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Lightning Out of Lebanon: Hezbollah Terrorists on American Soil Hardcover – March 1, 2005
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From Publishers Weekly
In a compact and cogent addition to the literature on terrorism, two expert journalists join forces for a portrait of how a Hezbollah cell in Charlotte, N.C., was broken up a little more than a year before September 11. In clear prose with a minimum of political ax-grinding, Newman (The Covenant) and Diaz (Making a Killing) provide biographies of cell leader Mohammed Youssef Hammoud (from his origins in the Shiite slums of Beirut) and member Said Harb; the FBI agents and federal prosecutors (who overcame bureaucratic inertia and civil libertarian–fostered barriers to accumulate the evidence that led to Hammoud's prosecution); and many incidental players along the way. They also provide clear historical summaries of the religious and ethnic divides in the Middle East, and portraits of lesser-known phenomena such as the role of Paraguay (and its borders with Argentina and Brazil) in providing havens for international terrorists. The authors' skill at characterization of friends and foes puts a great many thriller writers in the shade, and at no point do they fall into stereotyping. Embedded in the book is an argument for the kind of interagency intelligence sharing that is still in its infancy. (Mar. 1)
Copyright © Reed Business Information, a division of Reed Elsevier Inc. All rights reserved.
Before the terrorist attack of 9/11, Hezbollah in Lebanon had been responsible for more American deaths by terrorism, according to Newman and Diaz. The cell network of this "party of God" is broad and contains substantial sleeper cells throughout the U.S. that have been scrutinized by the FBI and other law enforcement agencies. Drawing on those investigations, the authors profile the activities of a Hezbollah cell in Charlotte, North Carolina. They detail activities involving cigarette and drug smuggling to operating front charitable organizations, all aimed at financing the purchase of weapons, high-tech equipment, and fraudulent passports. From its inception, the group has also received substantial support from Iran. While revealing our vulnerability to terrorists penetrating out national borders, the authors argue for greater latitude for law enforcement agencies to operate in controlling our borders, balanced against concerns about erosion of civil liberties. This is a frightening look at the need to recognize the potential for further terrorist danger on American soil and what will be required to prevent it. Vernon Ford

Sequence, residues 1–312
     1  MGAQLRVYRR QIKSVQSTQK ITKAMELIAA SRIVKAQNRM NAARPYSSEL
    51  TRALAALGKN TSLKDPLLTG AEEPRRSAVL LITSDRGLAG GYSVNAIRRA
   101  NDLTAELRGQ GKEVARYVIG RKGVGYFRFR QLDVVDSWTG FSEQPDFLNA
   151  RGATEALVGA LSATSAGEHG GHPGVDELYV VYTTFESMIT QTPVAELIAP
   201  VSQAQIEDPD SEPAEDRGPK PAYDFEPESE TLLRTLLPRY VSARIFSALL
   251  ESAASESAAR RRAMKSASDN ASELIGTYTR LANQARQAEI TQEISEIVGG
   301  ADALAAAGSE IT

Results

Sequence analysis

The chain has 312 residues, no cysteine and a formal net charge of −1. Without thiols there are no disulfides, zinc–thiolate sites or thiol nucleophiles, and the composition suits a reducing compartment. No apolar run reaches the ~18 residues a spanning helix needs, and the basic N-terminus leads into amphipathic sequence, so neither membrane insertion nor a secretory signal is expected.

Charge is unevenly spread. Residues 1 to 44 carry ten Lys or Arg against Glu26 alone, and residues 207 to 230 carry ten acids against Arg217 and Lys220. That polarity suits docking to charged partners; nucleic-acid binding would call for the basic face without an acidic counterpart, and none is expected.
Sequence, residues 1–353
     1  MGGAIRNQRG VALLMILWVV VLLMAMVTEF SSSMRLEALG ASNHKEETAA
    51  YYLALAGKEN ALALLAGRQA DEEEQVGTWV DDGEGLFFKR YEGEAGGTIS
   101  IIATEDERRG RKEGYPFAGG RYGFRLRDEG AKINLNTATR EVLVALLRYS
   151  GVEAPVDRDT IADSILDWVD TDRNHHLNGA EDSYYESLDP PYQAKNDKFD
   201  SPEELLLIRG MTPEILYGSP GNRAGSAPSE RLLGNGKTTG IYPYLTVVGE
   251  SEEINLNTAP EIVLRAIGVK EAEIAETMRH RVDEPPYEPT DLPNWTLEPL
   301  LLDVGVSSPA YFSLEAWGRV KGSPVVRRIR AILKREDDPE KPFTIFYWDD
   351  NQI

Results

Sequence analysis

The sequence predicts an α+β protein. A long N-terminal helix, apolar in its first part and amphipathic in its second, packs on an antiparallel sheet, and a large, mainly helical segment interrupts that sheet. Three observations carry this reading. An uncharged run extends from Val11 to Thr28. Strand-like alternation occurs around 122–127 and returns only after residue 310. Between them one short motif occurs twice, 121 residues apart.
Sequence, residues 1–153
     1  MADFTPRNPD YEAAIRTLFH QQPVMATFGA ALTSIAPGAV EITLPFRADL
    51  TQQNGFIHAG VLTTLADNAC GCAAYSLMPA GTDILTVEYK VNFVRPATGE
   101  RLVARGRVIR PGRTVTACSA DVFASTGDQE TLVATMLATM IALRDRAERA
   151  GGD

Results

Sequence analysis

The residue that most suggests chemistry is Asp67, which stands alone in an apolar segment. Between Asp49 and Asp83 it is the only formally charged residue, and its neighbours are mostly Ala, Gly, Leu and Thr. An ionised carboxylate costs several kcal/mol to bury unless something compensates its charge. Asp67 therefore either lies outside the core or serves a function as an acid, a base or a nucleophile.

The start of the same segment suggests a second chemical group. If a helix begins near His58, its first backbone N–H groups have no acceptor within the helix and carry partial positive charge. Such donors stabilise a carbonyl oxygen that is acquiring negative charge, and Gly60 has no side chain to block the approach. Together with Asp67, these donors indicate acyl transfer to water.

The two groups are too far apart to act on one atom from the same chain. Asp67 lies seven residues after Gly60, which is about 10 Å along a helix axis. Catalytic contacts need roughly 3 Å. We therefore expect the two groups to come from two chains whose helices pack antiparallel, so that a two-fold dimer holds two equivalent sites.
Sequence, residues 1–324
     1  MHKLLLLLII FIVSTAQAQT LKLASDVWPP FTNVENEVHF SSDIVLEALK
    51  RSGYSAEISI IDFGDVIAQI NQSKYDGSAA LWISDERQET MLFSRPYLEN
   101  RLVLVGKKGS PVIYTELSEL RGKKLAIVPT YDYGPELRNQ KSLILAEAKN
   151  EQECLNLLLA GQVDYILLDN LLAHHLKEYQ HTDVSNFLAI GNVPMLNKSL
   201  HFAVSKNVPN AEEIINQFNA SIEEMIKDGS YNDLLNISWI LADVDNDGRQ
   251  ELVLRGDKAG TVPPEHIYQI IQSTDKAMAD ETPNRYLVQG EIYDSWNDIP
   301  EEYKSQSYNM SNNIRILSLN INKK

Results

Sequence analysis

Copyright © American Library Association. All rights reserved
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One of the leaders entered on a phony passport from South America. Even though security is better since 9/11, this book reveals the incompetence of government in allowing illegals to obtain multiple identities. A couple of years ago I played golf by chance with an retired FBI agent who worked counter terrorism out of DC. He said there was a Hezbollah cell in every major city. Not sure they have the firepower to do much damage, but we will see one day.
Readability is a hallmark of this book, which recounts how U.S. federal and local law enforcement collaborated to break up the Hezbollah Charlotte cell. Members were using seemingly innocuous cigarette smuggling and other illicit activities to raise massive amounts of funds for Hezbollah. U.S. investigators arrested several members in July 2000, with guilty verdicts being handed down in late June 2002.
Authors Barbara Newman and Tom Diaz present the legal and bureaucratic obstacles that investigators faced when trying to prosecute the Hezbollah cell. One was the FBI's "Chinese Wall," a series of restrictions that prevented information sharing between agents working on criminal cases, and those dealing with terrorism. In the Charlotte case, aggressive investigators were able to craft innovative means to skirt these obstacles and break up the cell.